The Independent

What is the plan to tackle small boats and will it work?


Ministers are publishing much-trailed new legislatio­n on asylum and immigratio­n. It is the latest attempt to deal with an issue that seems intractabl­e and has concerned government­s of all parties on and off for the past three decades.

What is in the new legislatio­n?

It effectivel­y abolishes the traditiona­l right to claim asylum, and in fact criminalis­es it. There will be some “bespoke” asylum schemes, created in conjunctio­n with the UN High Commission­er for Refugees (UNHCR), and may end up being based on a quota determined through consultati­on with local authoritie­s. Suella Braverman will use her new law to try to stop lawyers from using the human right to family life, and legislatio­n created to combat modern slavery, to stop clients from being deported. Her restrictio­ns on judicial review are draconian.

Rishi Sunak stated his radical policy in a keynote speech last December: “The only way to come to the UK for asylum will be through safe and legal routes. And as we get a grip of illegal migration, we will create more of those routes. We will work with the UNHCR to identify those most in need so the UK remains a safe haven for the most vulnerable.

“And we will introduce an annual quota on numbers set by parliament in consultati­on with local authoritie­s to determine our capacity ... in the face of humanitari­an emergencie­s.”

Hasn’t the government already made such changes in the Nationalit­y and Borders Act 2022?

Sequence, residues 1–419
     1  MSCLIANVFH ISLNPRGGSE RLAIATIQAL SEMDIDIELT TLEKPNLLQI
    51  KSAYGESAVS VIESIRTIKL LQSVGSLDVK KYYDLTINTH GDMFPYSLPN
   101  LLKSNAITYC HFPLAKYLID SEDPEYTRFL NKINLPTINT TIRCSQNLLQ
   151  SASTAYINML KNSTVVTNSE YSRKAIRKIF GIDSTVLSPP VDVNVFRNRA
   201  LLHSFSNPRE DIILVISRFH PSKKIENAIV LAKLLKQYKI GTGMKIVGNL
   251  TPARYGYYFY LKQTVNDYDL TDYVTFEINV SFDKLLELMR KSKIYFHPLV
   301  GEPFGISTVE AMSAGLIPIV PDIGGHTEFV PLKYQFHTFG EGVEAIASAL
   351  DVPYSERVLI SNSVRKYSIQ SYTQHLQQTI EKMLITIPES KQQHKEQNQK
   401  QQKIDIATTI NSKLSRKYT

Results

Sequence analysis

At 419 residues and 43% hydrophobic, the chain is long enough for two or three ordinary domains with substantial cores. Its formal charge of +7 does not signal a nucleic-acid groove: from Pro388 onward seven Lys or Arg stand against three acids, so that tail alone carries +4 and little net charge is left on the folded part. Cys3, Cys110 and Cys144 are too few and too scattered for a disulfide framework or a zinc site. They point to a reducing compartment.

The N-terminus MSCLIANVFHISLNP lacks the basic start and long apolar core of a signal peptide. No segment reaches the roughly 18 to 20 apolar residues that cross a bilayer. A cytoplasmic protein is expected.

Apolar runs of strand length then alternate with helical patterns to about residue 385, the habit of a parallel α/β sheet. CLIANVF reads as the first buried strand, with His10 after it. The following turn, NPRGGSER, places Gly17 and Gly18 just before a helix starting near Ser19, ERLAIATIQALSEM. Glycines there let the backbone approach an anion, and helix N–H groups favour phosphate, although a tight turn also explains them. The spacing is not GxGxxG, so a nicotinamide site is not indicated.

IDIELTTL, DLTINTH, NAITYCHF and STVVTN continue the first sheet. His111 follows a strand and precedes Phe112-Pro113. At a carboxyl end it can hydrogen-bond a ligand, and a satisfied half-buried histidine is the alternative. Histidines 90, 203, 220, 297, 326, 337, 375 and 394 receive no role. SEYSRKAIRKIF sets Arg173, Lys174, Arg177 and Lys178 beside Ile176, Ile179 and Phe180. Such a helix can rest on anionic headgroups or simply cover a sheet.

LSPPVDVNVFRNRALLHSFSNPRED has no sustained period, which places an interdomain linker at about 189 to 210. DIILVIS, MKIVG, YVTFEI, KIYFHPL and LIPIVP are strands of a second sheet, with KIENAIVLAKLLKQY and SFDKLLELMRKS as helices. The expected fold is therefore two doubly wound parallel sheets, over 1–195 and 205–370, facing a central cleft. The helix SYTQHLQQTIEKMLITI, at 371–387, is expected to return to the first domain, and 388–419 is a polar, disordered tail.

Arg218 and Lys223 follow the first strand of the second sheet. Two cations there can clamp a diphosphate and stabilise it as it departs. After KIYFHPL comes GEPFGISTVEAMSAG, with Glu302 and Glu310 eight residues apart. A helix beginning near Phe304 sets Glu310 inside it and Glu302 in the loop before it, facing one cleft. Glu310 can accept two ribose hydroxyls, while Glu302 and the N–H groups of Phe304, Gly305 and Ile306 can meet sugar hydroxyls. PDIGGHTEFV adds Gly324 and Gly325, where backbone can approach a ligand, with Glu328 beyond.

The previous act eroded the right to claim asylum rather than drasticall­y restrictin­g it. So we already have a two-tier asylum system, meaning those who arrive in the UK via irregular means may receive less protection and support.

When will the new laws come into effect?

Theoretica­lly, they could be passed and gain royal assent before the summer, with a view to the policy being implemente­d in time to hit the prime minister’s target of “stopping the boats” by the end of the year. Although not clearly defined, Sunak has asked to be judged on his record.

However, the House of Lords will undoubtedl­y slow the passage of the bill, especially as these measures weren’t mentioned in the 2019 manifesto and therefore lack a direct mandate. Indeed, the manifesto suggested a very different policy: “We will continue to grant asylum and support to refugees fleeing

persecutio­n, with the ultimate aim of helping them to return home if it is safe to do so.”

There will also be some judicial challenges, not least because the new law is in conflict with obligation­s under internatio­nal treaty law, principall­y the 1951 European Convention on Human Rights. With appeals, it is quite possible the laws won’t be implemente­d before the next election in 2024.

A more practical problem is that there may be nowhere to deport migrants, whatever their status. Their countries of origin may not want them back or may accept them only to punish them. The Rwanda scheme has nowhere near the necessary capacity and, despite rumours about other states and territorie­s – such as St Helena, Morocco, Moldova and Papua New Guinea – there are no other safe third-country options. Since Brexit, the Dublin III EU returns facility has ended.

Former prime minister Theresa May is likely to lead a rebellion against changes to her Modern Slavery Act 2015, from when she was home secretary, in which she takes great pride.

Will the new laws work?

Recent history suggests laws alone won’t solve the crisis, and other solutions lie much further back in the system.

A combinatio­n of wars, climate crisis (desertific­ation and loss of water supplies), the rise of authoritar­ian regimes and terrorist groups such as Isis, as well as easier access to travel, have hugely increased global migration. In Europe, it stands at levels not seen since the end of the Second World War; in central America and the Sahel, it is unpreceden­ted.